Wilson disease (hepatolenticular degeneration) is an inherited autosomal recessive disorder of copper metabolism. The characteristic ocular manifestation of Wilson disease is the Kayser-Fleischer ring, a golden-brown discoloration of Descemet membrane around the periphery of the cornea (Fig 5-21A). In addition, a characteristic sunflower cataract often develops. Reddish-brown pigment (cuprous oxide) is deposited in the anterior lens capsule and subcapsular cortex in a stellate shape that resembles the petals of a sunflower (Fig 5-21B). In most cases, the sunflower cataract does not cause serious visual impairment. See also BCSC Section 8, External Disease and Cornea.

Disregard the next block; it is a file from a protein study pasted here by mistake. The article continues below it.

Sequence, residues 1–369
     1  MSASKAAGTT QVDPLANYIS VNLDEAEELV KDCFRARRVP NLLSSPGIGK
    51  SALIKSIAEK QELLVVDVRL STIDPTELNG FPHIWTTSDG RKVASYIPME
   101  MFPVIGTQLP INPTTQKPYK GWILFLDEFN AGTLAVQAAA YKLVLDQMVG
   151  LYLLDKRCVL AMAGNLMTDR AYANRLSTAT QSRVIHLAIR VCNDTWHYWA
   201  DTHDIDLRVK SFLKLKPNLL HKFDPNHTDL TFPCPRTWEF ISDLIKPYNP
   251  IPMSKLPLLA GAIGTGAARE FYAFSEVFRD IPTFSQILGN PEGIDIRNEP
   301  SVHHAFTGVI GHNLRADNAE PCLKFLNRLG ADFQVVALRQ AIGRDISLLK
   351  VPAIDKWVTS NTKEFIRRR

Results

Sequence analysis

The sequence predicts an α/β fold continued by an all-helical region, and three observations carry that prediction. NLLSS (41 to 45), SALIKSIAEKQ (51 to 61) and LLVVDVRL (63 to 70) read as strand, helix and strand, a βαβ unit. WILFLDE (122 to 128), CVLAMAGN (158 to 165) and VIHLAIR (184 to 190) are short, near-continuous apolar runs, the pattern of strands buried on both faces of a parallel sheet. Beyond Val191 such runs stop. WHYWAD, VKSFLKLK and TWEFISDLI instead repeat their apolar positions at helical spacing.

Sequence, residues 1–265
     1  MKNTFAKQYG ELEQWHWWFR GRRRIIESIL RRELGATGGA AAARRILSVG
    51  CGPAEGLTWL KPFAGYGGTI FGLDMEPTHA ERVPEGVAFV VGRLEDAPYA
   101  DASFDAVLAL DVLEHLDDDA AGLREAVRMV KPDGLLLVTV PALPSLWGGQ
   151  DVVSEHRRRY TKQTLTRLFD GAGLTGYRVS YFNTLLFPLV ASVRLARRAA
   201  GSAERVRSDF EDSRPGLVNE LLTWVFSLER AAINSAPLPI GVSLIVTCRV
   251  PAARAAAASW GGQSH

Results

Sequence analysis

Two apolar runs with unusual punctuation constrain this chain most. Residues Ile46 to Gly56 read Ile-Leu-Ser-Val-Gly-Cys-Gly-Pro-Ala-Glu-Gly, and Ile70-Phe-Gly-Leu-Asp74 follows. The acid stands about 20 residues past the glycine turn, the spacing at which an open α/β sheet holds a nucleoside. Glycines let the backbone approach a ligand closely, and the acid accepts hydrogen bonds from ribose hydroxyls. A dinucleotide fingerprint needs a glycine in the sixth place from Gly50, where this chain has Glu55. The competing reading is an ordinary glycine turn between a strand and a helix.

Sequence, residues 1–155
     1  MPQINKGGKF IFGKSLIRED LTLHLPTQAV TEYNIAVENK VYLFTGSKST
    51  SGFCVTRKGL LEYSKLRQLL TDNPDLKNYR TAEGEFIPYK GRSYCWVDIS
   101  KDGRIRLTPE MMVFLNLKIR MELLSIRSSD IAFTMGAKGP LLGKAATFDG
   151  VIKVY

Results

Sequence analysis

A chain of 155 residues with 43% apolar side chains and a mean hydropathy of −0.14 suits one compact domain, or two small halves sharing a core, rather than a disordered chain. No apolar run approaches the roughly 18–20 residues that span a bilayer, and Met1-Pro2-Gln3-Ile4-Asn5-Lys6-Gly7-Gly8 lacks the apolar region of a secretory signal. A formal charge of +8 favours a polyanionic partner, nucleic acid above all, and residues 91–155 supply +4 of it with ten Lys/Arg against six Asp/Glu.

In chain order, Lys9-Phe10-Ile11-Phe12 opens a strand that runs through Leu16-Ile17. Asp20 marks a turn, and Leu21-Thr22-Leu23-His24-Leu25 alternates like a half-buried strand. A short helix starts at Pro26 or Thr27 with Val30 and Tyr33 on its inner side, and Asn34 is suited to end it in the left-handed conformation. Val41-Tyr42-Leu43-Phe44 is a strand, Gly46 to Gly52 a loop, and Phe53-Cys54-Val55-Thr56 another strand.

Figure 5-21 Ocular manifestations of Wilson disease. A, Slit-lamp image of Kayser-Fleischer ring, a golden-brown staining of Descemet membrane in corneal periphery. B, Clinical photo of reddish cuprous oxide deposited in the anterior lens capsule in a “sunflower” cataract.
(Courtesy of James Gilman, CRA, FOPS.)
Excerpted from BCSC 2020-2021 series: Section 11 - Lens and Cataract. For more information and to purchase the entire series, please visit https://www.aao.org/bcsc.